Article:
Alleged poker cheat Mike Postle will have to fork out almost $27,000 after a judge found him liable for Todd Witteles’ legal fees and court costs, the Poker Fraud Alert founder bringing an anti-SLAPP motion against the man at the centre of the now infamous Postlegate scandal…
Witteles was chasing Postle for $43,314.50 after the Sacramento player dropped his $330million defamation lawsuit, which saw him target Witteles, whistleblower Veronica Brill and many other famous names in the poker industry.
Brill’s anti-SLAPP costs claims will be heard soon, but today Presiding California Superior Court Judge Shama H. Mesiwala ruled in favour of Witteles, though his full claim for costs wasn’t met.
Judge Mesiwala accepted that Postle’s defamation claims “fall squarely within the definition of a SLAPP suit” – a Strategic Lawsuit Against Public Participation designed to curb valid criticism by placing onerous legal costs on the defendant.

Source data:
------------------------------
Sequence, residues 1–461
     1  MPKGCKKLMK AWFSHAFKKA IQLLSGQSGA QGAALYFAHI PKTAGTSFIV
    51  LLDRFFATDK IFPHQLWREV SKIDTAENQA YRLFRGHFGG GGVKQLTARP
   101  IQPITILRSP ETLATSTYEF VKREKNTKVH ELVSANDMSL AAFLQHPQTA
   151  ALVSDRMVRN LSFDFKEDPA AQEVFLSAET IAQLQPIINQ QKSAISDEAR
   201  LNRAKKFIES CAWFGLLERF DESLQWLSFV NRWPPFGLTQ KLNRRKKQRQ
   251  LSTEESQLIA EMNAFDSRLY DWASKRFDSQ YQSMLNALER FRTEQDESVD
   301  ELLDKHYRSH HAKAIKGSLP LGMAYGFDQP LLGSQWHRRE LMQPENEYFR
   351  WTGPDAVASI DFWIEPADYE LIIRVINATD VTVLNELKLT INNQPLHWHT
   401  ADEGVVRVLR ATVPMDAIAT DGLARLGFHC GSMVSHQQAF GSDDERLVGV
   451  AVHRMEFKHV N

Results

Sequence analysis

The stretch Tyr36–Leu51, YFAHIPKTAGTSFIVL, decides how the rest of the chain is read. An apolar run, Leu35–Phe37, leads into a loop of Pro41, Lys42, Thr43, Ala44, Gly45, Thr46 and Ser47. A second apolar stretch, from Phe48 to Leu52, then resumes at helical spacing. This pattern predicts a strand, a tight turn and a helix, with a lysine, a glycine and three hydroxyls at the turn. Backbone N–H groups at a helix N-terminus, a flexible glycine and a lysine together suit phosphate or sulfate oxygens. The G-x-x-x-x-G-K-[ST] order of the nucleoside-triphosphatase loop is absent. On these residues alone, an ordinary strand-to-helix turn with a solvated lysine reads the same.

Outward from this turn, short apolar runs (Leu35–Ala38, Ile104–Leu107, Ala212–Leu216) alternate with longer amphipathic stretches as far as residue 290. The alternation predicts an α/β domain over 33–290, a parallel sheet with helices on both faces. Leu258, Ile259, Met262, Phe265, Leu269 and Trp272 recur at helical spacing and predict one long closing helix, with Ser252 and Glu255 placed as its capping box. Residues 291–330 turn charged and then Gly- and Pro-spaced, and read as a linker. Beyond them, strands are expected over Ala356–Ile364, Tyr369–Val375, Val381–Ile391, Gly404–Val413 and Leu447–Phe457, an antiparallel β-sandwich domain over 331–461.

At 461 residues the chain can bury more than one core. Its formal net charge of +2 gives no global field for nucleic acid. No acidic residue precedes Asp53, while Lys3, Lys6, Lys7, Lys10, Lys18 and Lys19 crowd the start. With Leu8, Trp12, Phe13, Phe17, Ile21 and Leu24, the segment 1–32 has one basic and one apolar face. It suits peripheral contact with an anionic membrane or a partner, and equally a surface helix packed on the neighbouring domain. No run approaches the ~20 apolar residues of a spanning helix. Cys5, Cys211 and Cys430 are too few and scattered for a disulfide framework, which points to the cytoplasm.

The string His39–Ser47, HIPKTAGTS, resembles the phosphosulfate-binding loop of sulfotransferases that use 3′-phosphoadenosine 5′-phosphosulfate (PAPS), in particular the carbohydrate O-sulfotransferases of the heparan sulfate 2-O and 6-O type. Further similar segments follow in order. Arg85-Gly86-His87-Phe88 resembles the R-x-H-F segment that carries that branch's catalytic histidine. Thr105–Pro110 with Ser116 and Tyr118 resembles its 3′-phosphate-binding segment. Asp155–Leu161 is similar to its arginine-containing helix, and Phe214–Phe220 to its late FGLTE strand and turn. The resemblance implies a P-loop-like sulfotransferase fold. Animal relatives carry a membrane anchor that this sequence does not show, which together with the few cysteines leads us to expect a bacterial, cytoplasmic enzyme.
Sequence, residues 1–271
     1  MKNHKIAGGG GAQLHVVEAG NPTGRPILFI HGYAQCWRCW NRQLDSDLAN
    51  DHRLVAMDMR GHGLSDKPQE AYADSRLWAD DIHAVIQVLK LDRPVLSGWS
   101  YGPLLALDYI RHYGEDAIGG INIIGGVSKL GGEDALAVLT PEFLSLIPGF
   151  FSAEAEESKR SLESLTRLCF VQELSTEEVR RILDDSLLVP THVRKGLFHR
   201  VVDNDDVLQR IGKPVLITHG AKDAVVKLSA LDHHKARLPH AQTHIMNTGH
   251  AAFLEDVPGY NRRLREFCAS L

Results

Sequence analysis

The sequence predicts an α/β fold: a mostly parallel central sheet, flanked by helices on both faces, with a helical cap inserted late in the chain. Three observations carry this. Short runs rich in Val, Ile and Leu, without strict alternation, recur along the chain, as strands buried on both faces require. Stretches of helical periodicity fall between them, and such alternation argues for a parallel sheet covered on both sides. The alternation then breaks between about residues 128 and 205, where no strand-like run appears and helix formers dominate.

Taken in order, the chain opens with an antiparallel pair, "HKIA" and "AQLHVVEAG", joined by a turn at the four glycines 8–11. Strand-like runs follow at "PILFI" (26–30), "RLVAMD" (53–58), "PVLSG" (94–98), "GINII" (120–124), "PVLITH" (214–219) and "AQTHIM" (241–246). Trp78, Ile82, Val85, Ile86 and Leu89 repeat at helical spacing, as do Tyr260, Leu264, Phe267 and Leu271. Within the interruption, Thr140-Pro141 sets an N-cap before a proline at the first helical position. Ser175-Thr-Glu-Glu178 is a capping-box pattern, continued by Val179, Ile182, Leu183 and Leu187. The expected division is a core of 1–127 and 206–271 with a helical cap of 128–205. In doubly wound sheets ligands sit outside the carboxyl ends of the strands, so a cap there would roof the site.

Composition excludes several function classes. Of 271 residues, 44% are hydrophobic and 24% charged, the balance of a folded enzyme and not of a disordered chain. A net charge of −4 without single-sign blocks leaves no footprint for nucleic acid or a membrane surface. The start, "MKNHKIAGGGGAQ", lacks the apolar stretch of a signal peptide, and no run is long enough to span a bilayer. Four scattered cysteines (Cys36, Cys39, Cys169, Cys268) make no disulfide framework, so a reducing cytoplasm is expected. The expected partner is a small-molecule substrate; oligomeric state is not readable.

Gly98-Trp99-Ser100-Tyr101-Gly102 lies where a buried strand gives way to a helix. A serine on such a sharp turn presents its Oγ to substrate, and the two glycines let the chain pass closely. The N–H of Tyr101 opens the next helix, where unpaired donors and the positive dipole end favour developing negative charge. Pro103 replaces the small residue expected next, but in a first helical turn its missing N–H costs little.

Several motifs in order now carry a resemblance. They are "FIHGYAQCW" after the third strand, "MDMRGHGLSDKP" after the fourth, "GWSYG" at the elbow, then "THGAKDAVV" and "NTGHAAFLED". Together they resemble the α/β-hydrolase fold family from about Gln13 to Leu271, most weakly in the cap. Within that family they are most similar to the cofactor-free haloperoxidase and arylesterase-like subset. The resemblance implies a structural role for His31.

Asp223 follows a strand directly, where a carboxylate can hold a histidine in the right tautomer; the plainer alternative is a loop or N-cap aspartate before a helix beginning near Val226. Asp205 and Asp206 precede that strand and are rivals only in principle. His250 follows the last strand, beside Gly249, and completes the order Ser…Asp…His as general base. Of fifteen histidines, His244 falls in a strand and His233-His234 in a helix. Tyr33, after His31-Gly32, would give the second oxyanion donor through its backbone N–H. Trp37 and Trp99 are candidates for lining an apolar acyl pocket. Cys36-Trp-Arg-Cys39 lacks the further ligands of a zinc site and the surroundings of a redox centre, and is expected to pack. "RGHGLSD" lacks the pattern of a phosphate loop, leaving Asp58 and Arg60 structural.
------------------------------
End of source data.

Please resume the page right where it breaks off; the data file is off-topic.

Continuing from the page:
Postle’s voluntary withdrawal of the defamation action just before it was due in court “creates a presumption that the defendant is the prevailing party on the anti-SLAPP motion” according to Judge Mesiwala.
However, awarding Witteles $26,982 rather than the full $43,314.50 claimed, the long-serving judge called his attorney’s fees “excessive and unnecessary”.
Witteles’ attorney, Eric Bensamochan, had billed $695 per hour for his work and told CardsChats’ Haley Hintze:
“Mr. Witteles is pleased that the court has found him to be the prevailing party for purposes of awarding attorney fees. While we are disappointed that the court cut the fee request down, it is something that falls directly within the court’s purview and discretion, and [we] will accept the reduced fee award without additional argument. Mr. Witteles intends on vigorously pursuing the monies now owed to him by Mr. Postle.”
If you missed anything connected to the case over the past year, our extensive coverage of the Postlegate scandal can be viewed below: